Jan left a comment on the last post about cultural differences in relationships, whether they're a big deal or not, if it gets better with time or if it adds crispy freshness to every serve.
The short answer is: It's a two sided coin. Yes it is refr.. well interesting and is a relatively limitless source of amusement. At the same time it can be kind of frustrating and a little sad that we can't share the stories, jokes, knowledge or experiences that I have with other Australians. It's why I need to go home for such long stretches when I do and surround myself with people who knew me when I was young and why those from my hometown have become that much more important to me. With them, there are many things I don't have to explain, that I can refer to obliquely and still have them laugh. On a very basic level I know that they "get" me in a way DrH never will.
Now, I realise I could just hunt down all Aussie expats here to try and find the same thing, but I deliberately avoided that until about 6 months ago and it still isn't something I want to immerse myself in too deeply. Expats amongst themselves and integration is something I'll get into in some other post.
Soooo. That's my side of it. How I deal with DrH not being of my culture. What about the other way around - me not being of his?
This is also tough. I don't know really what his teenage years were like, for example. I've seen pictures, I know some stories, I know how schools etc work intellectually, but I never experienced it myself. I don't really know what the formative influences on him in these times were: what were the trends or fashions, music, pasttimes, local or world events which had an impact on making him the guy his is.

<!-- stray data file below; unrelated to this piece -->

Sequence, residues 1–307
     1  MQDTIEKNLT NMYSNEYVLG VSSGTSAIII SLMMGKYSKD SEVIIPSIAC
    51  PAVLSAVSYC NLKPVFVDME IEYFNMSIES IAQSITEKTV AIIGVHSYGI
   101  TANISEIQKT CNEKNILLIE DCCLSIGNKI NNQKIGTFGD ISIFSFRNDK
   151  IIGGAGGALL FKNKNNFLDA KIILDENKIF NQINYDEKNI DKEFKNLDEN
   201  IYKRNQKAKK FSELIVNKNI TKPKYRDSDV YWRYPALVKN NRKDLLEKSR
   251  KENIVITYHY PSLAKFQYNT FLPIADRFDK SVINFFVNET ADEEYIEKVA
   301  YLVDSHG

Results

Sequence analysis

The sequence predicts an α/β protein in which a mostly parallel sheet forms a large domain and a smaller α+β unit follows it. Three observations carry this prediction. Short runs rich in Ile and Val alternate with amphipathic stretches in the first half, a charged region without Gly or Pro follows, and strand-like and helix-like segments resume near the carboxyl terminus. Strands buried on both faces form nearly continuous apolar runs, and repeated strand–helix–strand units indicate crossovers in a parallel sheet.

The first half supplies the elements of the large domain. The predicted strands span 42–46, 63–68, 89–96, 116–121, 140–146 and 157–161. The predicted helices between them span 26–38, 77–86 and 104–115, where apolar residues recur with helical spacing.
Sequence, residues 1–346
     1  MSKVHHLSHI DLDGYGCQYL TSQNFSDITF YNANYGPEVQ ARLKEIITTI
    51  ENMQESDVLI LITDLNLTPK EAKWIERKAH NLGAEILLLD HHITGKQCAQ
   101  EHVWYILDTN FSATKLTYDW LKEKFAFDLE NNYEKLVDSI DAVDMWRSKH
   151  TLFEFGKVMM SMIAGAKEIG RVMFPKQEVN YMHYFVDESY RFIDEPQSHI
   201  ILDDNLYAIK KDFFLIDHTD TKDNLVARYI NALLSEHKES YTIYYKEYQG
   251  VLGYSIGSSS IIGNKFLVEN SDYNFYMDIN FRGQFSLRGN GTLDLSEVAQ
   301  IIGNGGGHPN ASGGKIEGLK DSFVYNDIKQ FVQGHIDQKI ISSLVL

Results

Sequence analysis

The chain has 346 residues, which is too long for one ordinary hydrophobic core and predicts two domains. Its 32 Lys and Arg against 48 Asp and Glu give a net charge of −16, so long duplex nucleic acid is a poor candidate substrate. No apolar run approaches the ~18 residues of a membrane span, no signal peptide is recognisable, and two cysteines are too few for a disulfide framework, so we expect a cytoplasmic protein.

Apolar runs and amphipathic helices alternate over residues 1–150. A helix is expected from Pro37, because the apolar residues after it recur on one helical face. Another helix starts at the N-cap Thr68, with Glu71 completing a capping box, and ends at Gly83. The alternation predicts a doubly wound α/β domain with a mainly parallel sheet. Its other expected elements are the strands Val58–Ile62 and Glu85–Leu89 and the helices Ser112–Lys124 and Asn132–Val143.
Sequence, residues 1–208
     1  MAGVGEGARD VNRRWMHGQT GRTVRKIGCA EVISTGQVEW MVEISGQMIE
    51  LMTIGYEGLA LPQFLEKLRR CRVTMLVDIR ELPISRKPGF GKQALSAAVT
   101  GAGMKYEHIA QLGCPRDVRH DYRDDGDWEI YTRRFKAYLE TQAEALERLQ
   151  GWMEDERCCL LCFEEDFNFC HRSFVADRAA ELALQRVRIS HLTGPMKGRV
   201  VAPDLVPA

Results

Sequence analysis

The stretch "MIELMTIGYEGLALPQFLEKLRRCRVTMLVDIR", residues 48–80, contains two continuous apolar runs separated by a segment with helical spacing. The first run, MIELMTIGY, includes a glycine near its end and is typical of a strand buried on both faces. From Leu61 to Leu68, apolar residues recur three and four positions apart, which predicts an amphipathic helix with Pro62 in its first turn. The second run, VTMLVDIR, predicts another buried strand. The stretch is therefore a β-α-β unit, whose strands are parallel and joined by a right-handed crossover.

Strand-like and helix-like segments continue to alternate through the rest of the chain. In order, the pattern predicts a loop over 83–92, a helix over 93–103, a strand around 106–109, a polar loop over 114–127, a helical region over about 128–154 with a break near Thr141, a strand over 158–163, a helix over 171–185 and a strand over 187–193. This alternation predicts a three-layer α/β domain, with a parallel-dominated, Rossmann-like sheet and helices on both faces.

Do I really need to know this? No. but it makes that basic level of understanding that little bit more difficult. Sometimes I just really don't understand where he's coming from. I expect he feels the same.
Now to the point of: does this get better? Will you ever know each other well enough that these differences don't exist. I can't say for sure but I'd be betting on no. I've been here almost nine years, I've been with DrH for six of those. Sure they've lessened, but it is still always there hovering in the background.
So: Doesn't it make it refreshing? The early years most definately, and it is still useful for a laugh. Now though, I do find myself frustrated from time to time, wishing I didn't have to explain myself so often and getting snappy when I do. Again. This is why I need to immerse myself in Australia occassionally. It's like releasing a breath I've been holding onto for two years, where I can just be me and know that those around me understand it.
Okay, this has turned into a long-winded, and surprisingly negative sounding, rant and there are still a few points I haven't discussed yet: not being as home in Australia as I was, being around Australians who do get the being abroad thing, getting integrated into Germany etc etc etc.
The summary is: DrH and I still have cultural differences and that probably won't change. However I'm with him for the guy he is, and he's that guy also because he was raised in a different culture to mine. It can get annoying sometimes, but I have things in place (visits home, other expats) to temper it. We have a damn good relationship going and compared to more fundamental problems relationships can have, our cultural differences are minor.